I pretty much agree with everything here but Ill add that more people then ever are scratch building PCs. 26 comments here and at least 3 of us have 1 or more home built PCs.

I think PCs will eventually settle down as a sector of a larger computing ecosystem. I mean I love my Nexus tablet but if im hanging out at home I would much rather surf and play on my 24 inch wide screen and type on my keyboard. 


mine has first generation core 2 duo about 7 years old, 2 gb ram and works just fine running windows xp, windows 7, and windows 8 virtual machine under windows xp.

Doublefrost 1 Like

Pretty much. Hewlett Packard is NOT a good indicator of the PC market's health. Neither is Dell. Why would I buy a Dell or HP when I can get better hardware at near wholesale prices and manufacture the PCs myself? It's not hard to do. IT training is widespread. I can do it. Millions of other people can do it. There's no need to pay a middleman hundreds of dollars to do what you can do yourself in an hour and a half or less. If your studies aren't covering sales of OEM kits and individual hardware, then chances are you're missing the big picture. If you see a sales combo of at minimum, motherboard CPU and Power Supply, chances are it's part of a full system rebuild. Or, a new PC. Especially if cases are selling along with it. And GPUs. And Memory, hard drives, disc drives, monitors, keyboard and mouse.

Then, you have tablets. Tablets cut into the laptop market in a direct sort of way. Laptops sell to the average joe on their portability and utility more than on power. Tablets are more portable, pretty useful and frankly, are cheaper as well. Laptop sales are going to be for die-hard users of that medium, such as people that want souped up gaming laptops.


What about components for custom builds and upgrades? I mean the fact is in 1991 very few people built their own PCS - In 2013 I personally have 4 PCs in the house of varying spec all built from scratch. Even only taking into account my main machine, it's a 3yr old i7 quad and I just dropped around £600 on upgrades for it. Since upgradeability is one of the key selling points of desktop PC architecture then not including the sale of components for those machines is a glaring omission, especially considering the increase in people building their own computers. The other issue people are ignoring is the gaming market - One big issue for PC gaming was the dominance of consoles - this meant that many PC titles were "dumbed down" in order to allow console ports of the same titles - this also stifled the hardware market to some extent so now at the end of a console generation, even a mid-level PC can easily play the most demanding titles. With the advent of the PS4 and new Xbox, and more importantly their shift to X86 architecture, we can expect to see an increase in high level PC games. Additionally the display market has slowed down with most monitors settling at a 1080p resolution. So over the next year or two we can expect to see a leap in hardware as super-high res displays become more commonplace and developers start to bring out more demanding titles.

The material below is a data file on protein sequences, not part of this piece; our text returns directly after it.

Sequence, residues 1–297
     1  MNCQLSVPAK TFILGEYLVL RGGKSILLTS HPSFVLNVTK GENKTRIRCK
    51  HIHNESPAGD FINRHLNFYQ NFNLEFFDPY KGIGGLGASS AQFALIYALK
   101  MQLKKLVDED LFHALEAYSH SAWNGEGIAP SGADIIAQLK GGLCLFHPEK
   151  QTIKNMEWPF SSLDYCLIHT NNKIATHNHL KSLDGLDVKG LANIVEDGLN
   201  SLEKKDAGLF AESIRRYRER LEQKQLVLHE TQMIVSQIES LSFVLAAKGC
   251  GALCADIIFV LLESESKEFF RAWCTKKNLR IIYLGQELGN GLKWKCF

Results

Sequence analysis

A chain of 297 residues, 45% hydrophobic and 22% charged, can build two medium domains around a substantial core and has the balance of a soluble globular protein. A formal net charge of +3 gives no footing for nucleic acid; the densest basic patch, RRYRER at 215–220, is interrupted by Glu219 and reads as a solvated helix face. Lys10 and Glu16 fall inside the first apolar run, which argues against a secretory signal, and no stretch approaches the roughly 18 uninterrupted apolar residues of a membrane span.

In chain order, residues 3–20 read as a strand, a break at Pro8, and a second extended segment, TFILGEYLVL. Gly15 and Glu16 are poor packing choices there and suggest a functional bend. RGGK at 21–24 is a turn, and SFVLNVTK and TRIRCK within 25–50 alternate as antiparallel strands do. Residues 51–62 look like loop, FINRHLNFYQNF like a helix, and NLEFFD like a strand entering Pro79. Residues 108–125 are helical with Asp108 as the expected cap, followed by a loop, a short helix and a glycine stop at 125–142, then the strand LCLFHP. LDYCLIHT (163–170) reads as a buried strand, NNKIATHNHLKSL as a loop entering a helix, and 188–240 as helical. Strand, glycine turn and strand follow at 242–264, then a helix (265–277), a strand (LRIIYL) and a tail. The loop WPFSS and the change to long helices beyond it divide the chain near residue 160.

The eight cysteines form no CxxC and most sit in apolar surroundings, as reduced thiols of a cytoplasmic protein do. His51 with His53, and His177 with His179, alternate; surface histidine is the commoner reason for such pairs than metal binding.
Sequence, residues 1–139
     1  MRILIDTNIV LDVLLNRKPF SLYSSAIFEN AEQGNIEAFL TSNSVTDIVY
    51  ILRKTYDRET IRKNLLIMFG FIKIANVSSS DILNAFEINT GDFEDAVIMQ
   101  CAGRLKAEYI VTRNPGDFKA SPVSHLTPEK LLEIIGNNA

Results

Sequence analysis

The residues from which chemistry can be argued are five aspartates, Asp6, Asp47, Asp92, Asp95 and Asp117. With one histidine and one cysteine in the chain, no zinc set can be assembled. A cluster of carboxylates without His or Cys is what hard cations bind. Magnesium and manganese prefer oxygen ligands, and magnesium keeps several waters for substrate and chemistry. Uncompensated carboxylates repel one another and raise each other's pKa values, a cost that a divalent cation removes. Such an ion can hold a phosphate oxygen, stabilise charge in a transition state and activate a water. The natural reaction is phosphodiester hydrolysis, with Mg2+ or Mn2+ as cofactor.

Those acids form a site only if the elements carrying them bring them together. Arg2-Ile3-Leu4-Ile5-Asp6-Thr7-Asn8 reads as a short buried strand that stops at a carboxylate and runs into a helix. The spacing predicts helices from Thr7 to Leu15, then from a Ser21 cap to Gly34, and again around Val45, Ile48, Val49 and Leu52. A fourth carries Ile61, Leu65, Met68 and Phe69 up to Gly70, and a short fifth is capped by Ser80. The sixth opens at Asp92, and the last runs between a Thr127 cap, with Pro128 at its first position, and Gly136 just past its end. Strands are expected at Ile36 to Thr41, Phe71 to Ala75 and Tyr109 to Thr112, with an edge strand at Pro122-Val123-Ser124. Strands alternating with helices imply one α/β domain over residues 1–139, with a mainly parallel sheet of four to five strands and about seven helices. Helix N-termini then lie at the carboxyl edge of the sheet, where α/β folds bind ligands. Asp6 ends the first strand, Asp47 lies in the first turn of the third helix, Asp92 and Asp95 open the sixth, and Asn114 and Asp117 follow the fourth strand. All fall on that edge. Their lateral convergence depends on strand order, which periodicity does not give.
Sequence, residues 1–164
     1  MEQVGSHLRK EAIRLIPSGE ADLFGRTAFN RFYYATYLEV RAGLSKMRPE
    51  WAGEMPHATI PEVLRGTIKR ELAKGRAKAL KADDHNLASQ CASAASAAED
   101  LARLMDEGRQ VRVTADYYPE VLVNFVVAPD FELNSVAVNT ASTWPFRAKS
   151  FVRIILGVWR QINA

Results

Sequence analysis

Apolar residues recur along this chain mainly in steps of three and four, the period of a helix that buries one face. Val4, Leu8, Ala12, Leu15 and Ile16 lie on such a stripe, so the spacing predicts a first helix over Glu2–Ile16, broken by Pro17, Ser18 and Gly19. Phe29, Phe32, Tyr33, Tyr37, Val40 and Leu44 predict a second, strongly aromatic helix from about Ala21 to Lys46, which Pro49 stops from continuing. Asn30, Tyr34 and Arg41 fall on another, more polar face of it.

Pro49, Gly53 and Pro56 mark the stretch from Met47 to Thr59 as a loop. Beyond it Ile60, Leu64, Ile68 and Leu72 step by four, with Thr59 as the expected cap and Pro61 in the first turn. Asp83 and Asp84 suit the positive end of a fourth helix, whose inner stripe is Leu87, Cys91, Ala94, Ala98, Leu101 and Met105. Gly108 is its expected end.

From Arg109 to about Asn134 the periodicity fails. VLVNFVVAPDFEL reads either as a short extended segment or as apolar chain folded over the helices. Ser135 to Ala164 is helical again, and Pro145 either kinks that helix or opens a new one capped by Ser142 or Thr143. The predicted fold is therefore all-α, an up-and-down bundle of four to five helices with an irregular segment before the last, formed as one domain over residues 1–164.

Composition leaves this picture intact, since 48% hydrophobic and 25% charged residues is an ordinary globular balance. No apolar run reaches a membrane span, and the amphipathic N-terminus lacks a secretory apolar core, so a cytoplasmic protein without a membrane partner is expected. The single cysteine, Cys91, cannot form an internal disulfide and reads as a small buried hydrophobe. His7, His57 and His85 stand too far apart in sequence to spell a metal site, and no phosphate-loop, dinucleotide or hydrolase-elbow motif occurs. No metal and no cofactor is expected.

KobeWild 1 Like

this is the first story that Iv'e seen that says the samething I have been saying.

People have slowed on buying PC.. because they don't need a new pc. that same pc that you purchsed way back in 2008 -2009 as long as it was an i7

is still good and unless it blows up.. you really have no need to buy a new one.

no one needs, windows 8 and most gamers who are the drivers of high end machines are playing  on consols.

I for one am tired of CPU drag racing.. running out to by the latest high end cpu, ram config and video card.. spending $5000.00 a year so I can play

that's just silly..    I already have a 3ghz system with 32gig's of ram..  I now can buy other things.

erikserrands 1 Like

Disraeli- Three types of lies- lies, damned lies, and statistics.

With statistics you can prove just about any hypothesis you wish. 

Captain_Quirk 1 Like

Back  in 7th grade, I read a great book called "How to Lie with Statistics".  Should be required reading for everyone.

rodaverich 2 Like